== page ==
products that are typically purchased by professional
contractors [6, 7].
However, remanufacturing has extended to a large number of
consumer goods with short life cycles and relatively low
values. In widely known remanufacturing cases, the
manufacturing is performed by the original producer,
integrating new distribution models, e.g. leasing in the case of
Xerox with toner cartridges. Other remanufacturing practices
are less popular, due to the fact that original equipment
manufacturers (OEMs) are rarely involved. Products are not
sold through regular retail channels established by OEMs [8].
In general, remanufacturing is accepted as a life cycle tool,
but actual application in business of production equipment is
still low.
Figure 1: Development of Business Strategies for the Remanufacturing Market
2.2 Business Strategies
A business strategy “[…] is the direction and scope of an
organization over the long term, which achieves advantage
in a changing environment through its configuration of
resources and competences with the aim of fulfilling
stakeholder expectations.[10]. A business strategy, applied
for a remanufacturing company can be explained in detail
regarding the following elements:
Direction: Long term direction of a remanufacturing
company indicates strategic aims of the organization in
the progress of developing the backwards activities.
Markets and scope: A remanufacturing company of
production equipment acts in the area and market of
manufacturing and/or remanufacturing. Activities of
those companies cover forward and backward activities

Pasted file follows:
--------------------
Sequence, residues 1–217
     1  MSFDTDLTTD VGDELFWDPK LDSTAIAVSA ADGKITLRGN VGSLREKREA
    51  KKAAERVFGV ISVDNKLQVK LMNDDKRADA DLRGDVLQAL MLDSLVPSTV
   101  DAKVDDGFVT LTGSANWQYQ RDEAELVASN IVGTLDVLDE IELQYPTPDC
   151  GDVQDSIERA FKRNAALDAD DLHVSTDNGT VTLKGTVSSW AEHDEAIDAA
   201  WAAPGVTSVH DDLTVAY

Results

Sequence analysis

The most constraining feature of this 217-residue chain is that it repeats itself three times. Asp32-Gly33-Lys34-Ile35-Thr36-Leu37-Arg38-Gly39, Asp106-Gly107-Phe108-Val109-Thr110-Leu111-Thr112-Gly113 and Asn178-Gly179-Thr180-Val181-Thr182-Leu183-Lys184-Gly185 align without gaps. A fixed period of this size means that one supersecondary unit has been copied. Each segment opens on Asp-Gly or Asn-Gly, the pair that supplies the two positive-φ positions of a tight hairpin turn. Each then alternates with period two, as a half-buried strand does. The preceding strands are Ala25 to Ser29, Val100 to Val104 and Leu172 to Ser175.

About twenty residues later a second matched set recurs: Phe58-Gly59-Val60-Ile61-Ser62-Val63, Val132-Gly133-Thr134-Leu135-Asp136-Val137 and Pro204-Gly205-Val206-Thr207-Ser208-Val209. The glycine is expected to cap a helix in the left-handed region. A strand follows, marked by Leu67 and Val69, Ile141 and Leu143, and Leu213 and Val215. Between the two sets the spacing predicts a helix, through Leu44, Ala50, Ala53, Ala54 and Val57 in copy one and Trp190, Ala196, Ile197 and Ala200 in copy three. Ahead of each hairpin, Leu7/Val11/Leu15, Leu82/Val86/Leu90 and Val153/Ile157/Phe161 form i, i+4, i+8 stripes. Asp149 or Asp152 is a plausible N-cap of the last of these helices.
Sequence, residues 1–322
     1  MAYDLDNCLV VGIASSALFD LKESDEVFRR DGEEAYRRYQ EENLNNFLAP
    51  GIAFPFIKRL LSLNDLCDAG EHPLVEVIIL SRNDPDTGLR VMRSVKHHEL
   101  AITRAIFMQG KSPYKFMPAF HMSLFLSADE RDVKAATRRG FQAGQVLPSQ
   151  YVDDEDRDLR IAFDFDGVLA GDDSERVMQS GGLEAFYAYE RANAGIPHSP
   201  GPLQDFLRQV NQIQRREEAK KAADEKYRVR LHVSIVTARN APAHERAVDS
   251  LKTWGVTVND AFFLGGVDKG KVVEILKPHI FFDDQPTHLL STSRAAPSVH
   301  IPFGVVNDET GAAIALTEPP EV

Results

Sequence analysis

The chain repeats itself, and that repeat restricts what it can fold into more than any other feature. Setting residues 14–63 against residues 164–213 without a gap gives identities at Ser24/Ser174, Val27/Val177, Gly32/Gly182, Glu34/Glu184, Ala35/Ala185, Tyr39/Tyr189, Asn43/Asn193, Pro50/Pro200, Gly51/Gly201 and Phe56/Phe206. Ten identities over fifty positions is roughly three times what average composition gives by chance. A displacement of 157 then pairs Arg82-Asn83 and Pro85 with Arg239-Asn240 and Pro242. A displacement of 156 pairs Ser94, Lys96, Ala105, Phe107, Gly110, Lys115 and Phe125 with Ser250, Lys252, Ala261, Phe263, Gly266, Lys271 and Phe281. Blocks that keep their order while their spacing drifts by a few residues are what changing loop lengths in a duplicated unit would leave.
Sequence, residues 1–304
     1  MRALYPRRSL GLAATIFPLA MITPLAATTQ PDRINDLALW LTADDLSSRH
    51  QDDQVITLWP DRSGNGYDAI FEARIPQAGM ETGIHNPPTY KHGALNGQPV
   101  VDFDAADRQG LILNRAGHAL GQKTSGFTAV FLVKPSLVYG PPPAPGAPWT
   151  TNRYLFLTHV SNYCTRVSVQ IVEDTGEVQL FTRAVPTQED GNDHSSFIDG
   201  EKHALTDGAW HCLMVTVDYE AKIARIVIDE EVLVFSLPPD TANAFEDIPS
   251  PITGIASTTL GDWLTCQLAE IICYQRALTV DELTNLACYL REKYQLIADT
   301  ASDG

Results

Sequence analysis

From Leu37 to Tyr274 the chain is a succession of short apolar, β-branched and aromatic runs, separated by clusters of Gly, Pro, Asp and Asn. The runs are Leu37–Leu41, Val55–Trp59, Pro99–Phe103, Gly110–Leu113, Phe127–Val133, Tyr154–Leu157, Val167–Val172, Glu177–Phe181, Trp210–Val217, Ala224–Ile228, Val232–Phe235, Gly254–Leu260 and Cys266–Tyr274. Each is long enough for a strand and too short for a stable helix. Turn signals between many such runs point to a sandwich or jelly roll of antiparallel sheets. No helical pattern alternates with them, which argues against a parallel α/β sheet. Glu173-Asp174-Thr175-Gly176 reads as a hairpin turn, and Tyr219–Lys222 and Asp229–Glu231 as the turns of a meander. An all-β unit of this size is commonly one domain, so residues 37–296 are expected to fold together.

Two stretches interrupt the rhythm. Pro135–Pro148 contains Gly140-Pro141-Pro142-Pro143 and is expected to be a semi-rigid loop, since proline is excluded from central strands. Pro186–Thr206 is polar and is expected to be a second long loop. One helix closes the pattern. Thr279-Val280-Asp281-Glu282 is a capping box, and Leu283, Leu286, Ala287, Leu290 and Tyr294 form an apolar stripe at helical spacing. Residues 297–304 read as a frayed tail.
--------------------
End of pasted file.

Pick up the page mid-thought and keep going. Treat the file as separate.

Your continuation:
in core procurement, production, distribution of
production equipment.
Advantage: Remanufacturing companies that command
a competitive advantage in the market, e.g. access to
cores of old machine tools, are likely to perform more
successful in their business.
Resources: Resources (skills, assets, finance,
relationships, technical competence, and facilities) are
required in order to be able to compete. One of the
biggest challenges for the remanufacturing industry is
finding a way to recycle the production equipment at the
end of a usage phase. Depending on the damage and
the type of machine, remanufacturing activities are to be
adapted to the machine status.
Business Environment: External conditions affect the
businesses ability to compete, e.g. regulations and laws
have to be taken into account when closing the loop of a
life cycle.
Stakeholders: Stakeholders have different values and
expectations. They have power in and around the
remanufacturing business. Companies like Xerox
influence successful growing of the remanufacturing
market directly. Others enterprises, which indirectly
support the growth of the market, focus on collection of
used products.
In the following, the concept for developing business